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Financial incentives to encourage patient compliance

Noncompliant patients are adding to healthcare costs. Recent reports look to address that issue by paying patients to take their meds and comply with treatment regimens.

iStock_nurses
iStock_nurses

“News of the weird” reads the headline for the lead story in the classified section of a recent edition of the Chicago Reader, a free weekly alternative press newspaper. The article refers to a June 13 article in the New York Times, “For forgetful, cash helps the medicine go down.”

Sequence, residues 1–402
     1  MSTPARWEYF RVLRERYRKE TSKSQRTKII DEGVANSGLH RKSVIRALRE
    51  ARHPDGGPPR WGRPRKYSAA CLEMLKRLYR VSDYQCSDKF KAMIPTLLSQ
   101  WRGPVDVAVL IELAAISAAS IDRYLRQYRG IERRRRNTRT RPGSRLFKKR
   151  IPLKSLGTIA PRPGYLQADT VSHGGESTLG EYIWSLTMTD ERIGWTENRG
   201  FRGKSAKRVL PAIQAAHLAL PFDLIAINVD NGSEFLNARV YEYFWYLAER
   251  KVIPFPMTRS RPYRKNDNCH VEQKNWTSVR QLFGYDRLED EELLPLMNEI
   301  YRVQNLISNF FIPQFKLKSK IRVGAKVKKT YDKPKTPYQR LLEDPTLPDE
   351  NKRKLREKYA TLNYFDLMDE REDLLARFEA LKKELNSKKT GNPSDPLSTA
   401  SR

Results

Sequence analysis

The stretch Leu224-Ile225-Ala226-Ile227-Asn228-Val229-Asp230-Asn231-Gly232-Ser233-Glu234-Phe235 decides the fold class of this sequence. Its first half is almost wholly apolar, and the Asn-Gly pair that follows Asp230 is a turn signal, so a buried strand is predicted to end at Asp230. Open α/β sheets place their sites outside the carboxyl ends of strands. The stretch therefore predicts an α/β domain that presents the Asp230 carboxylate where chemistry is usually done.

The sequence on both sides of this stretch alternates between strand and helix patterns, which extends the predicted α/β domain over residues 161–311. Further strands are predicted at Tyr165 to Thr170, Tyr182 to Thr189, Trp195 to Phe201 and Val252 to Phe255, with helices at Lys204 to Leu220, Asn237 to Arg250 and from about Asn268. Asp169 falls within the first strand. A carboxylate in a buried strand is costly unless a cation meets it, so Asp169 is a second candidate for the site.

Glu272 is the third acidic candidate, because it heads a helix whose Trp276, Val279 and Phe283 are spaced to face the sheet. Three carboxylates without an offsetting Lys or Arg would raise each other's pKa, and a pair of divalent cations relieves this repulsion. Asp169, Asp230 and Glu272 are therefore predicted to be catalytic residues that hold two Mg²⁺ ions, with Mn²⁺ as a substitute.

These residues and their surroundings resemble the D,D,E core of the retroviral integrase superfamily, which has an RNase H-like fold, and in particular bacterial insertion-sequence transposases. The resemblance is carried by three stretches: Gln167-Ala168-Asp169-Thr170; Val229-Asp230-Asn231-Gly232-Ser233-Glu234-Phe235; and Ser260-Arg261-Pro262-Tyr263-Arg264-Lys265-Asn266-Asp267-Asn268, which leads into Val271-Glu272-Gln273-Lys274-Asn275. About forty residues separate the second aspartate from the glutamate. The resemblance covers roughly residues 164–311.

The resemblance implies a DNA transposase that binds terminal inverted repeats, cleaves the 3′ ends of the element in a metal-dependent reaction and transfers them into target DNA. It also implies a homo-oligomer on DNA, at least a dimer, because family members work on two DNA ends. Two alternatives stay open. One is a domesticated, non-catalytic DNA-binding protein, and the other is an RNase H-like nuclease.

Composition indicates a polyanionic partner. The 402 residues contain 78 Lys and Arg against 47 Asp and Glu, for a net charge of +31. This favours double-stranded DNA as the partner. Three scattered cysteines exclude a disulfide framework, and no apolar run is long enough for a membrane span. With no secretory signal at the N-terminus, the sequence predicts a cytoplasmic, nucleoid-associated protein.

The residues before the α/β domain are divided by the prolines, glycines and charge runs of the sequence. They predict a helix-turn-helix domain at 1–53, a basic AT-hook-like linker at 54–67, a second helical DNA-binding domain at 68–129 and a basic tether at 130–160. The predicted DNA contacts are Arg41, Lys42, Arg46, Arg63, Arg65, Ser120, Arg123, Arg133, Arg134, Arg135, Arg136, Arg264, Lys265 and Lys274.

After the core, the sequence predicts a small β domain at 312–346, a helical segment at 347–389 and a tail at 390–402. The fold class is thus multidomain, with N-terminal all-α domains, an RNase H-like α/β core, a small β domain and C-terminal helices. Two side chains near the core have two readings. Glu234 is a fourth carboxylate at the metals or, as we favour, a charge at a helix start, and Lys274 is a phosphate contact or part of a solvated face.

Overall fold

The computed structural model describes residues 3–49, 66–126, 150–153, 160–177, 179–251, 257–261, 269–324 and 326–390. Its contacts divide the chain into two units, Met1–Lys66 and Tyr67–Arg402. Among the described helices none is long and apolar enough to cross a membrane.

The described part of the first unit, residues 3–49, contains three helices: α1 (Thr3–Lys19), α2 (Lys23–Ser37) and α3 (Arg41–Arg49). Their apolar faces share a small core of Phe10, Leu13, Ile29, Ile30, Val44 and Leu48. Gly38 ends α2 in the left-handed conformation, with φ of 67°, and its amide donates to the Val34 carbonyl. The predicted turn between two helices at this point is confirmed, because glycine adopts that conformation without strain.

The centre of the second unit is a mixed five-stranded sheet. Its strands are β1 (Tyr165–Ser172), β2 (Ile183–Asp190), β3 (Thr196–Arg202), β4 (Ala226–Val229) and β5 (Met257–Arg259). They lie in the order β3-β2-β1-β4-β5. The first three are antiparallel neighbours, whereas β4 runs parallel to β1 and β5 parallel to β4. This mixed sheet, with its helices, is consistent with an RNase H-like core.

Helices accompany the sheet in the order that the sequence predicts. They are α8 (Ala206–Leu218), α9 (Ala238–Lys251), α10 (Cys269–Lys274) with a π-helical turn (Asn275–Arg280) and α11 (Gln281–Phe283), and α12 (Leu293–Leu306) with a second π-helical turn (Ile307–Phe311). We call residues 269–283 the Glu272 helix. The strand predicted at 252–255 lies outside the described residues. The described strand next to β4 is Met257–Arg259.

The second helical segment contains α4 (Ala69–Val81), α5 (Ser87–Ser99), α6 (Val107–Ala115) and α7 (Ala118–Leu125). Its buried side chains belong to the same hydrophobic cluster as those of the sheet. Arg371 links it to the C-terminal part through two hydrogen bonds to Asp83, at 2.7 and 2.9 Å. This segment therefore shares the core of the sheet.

The article says up to one-half of all patients “do not take medication as prescribed….such lapses fuel more than $100 billion in health care costs annually because those patients often get sicker.” To help counter the problem of patient noncompliance, the article says healthcare professionals are beginning to embrace the idea that “paying modest financial incentives up front can save much larger costs of hospitalization.”

The New York Times article goes on to discuss a program in Philadelphia that rewards takers of warfarin in “a kind of lottery using a computerized pillbox to record if they took the medicine and whether they won that day.”

Weird? Perhaps. But a little creative thought couldn’t hurt in improving patient outcomes and managing healthcare costs.

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